Amnesty International Annual Report 2011 - Gambia
|Publication Date||13 May 2011|
|Cite as||Amnesty International, Amnesty International Annual Report 2011 - Gambia, 13 May 2011, available at: http://www.refworld.org/docid/4dce156a3c.html [accessed 17 April 2014]|
|Disclaimer||This is not a UNHCR publication. UNHCR is not responsible for, nor does it necessarily endorse, its content. Any views expressed are solely those of the author or publisher and do not necessarily reflect those of UNHCR, the United Nations or its Member States.|
Head of state and government: Yahya Jammeh
Death penalty: abolitionist in practice
Population: 1.8 million
Life expectancy: 56.6 years
Under-5 mortality (m/f): 123/109 per 1,000
Adult literacy: 45.3 per cent
The government continued to restrict political freedom, stifle freedom of expression and commit human rights violations with impunity. Members of the National Intelligence Agency (NIA), army, police, and shadowy militias close to the President – known as ninjas, drug boys and jugglers – arbitrarily arrested and detained government opponents, human rights defenders, journalists and former security personnel. Torture and other ill-treatment in custody were reported. A second wave of mass arrests took place, culminating in the treason trial of eight prominent men, who were sentenced to death after a grossly unfair trial.
Arbitrary arrests and detentions
In a wave of arrests in March, which followed an earlier wave in November 2009, former government officials were accused of treason or attempts to destabilize the government. In all, several hundred former officials, military officers and civilians were detained. The detainees were overwhelmingly denied access to lawyers and relatives and held in conditions so harsh that they amounted to cruel, inhuman and degrading treatment.
The police, NIA and army continued to unlawfully arrest and detain people in violation of national law. Detainees were held in overcrowded and insanitary conditions in official places of detention such as the Mile 2 Central Prison, the NIA headquarters and police detention centres. They were also held in secret detention centres, including military barracks, secret quarters in police stations, police stations in remote areas and warehouses.
At least 20 people were believed to be on death row at the end of the year. No executions were reported; the last known execution was in the 1980s. In October the authorities increased the penalty for possession of more than 250g of cocaine or heroin to the death penalty.
Eight of the men arrested in March were convicted of treason and sentenced to death in July after a grossly unfair trial during which indictees and witnesses were tortured. The men were accused of procuring arms, ammunitions, equipment and mercenaries from Guinea to stage a coup. They included: former army chief Lang Tombong Tamba; former intelligence chief Lamin Bo Badjie; former deputy chief of police Modou Gaye; Brigadier General Omar Bun Mbaye; former NIA agent and then deputy Gambian Ambassador to Guinea-Bissau Gibril Ngorr Secka; former Kanilai Camp Commander Lieutenant Colonel Kawsu Camara; and two civilians – Abdoulie Joof and Yousef Ezziden.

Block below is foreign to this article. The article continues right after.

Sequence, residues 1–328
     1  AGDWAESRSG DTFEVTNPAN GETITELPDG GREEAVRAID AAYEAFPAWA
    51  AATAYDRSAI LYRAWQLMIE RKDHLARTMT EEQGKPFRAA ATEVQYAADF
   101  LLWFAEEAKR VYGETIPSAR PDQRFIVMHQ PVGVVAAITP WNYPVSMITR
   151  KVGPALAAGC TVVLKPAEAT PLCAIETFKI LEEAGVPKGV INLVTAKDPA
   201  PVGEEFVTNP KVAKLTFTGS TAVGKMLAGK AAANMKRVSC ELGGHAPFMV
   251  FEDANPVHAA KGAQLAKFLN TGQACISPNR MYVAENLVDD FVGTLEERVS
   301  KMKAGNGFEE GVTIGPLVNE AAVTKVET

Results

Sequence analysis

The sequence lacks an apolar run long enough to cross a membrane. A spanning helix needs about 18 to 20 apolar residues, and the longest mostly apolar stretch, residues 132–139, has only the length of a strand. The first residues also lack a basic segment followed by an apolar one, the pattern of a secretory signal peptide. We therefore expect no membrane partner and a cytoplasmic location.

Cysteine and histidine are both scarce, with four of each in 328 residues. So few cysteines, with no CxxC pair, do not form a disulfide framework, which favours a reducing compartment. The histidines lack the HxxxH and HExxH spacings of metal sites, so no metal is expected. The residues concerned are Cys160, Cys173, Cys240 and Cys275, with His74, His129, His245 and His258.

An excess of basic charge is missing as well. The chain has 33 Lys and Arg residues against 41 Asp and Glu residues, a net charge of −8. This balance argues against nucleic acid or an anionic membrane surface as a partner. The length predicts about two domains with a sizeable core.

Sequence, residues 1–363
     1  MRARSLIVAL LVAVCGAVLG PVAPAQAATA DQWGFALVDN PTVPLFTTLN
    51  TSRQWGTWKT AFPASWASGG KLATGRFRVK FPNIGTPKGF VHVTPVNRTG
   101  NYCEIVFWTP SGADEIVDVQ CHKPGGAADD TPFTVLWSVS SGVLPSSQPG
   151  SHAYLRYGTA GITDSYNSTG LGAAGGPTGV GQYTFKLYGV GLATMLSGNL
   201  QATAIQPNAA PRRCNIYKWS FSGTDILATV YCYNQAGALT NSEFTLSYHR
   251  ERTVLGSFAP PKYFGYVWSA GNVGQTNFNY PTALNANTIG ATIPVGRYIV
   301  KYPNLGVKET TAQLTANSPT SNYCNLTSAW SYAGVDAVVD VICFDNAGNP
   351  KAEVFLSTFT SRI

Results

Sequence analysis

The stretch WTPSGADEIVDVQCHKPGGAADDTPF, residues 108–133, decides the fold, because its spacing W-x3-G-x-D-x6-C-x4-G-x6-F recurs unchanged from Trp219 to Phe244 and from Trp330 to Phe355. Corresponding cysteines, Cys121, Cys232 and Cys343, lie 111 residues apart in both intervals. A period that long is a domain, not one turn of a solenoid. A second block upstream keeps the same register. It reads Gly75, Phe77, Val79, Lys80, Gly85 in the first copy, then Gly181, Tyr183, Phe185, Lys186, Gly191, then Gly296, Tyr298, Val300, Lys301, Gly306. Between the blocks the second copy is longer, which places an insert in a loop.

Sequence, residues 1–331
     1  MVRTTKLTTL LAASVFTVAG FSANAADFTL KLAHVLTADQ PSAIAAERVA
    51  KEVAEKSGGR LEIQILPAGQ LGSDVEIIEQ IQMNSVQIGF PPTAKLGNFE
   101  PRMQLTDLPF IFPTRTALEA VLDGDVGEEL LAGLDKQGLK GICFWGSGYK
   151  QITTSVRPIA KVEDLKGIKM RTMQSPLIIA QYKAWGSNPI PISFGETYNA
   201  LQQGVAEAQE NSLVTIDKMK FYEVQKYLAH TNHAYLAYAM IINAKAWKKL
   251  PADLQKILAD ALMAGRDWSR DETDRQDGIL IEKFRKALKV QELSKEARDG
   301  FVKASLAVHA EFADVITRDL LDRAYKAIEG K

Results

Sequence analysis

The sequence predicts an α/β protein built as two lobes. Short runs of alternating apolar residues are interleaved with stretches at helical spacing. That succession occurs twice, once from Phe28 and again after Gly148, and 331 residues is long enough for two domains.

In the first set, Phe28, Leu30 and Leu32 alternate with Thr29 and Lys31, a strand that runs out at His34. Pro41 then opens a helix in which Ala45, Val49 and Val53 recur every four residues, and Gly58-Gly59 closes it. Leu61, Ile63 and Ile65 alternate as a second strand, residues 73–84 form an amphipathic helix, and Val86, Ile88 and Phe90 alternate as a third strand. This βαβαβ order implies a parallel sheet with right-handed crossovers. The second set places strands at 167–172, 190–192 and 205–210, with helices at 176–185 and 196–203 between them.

Freedom of expression – journalists
Freedom of expression continued to be severely limited. Journalists faced threats and harassment if they wrote stories deemed unfavourable to the authorities or if they were believed to have provided such information to media outlets.
The regional ECOWAS Community Court in Abuja, Nigeria, heard the case of Musa Saidykhan, former editor-in-chief of The Independent, a Banjul-based newspaper which was banned in 2006. Musa Saidykhan alleged that he was tortured after state security agents raided the newspaper in 2006, shut it down and imprisoned its staff. After his release, Musa Saidykhan fled to Senegal. In 2009, the Court had ruled against the Gambian government's objection to it hearing the case.
Journalist Ebrima Manneh of the Daily Observer, who was arrested in 2006, remained subjected to enforced disappearance despite a 2008 ruling by the ECOWAS Community Court of Justice demanding his release and damages for his family. The government and police officials continued to deny that he is in custody.
Human rights defenders
The climate of fear generated by the President's threats against human rights defenders in 2009 persisted.
Nigerian Edwin Nebolisa Nwakaeme, director of a Gambian human rights organization, Africa in Democracy and Good Governance, was arrested on 22 February by the Immigration Department, released three days later, then rearrested on 1 March. He was taken to court in March and charged with giving "false information". In September he was sentenced to six months' imprisonment with hard labour.
Two women, Dr Isatou Touray and Amie Bojang Sissoho, were arrested on Monday 11 October 2010 by Gambian security personnel, charged with theft, and sent to Mile 2 Central Prison, notorious for its ill-treatment of inmates and appalling prison conditions. Both women work for the Gambia Committee on Traditional Practices Affecting the Health of Women and Children (GAMCOTRAP), and their organization has faced harassment in the past.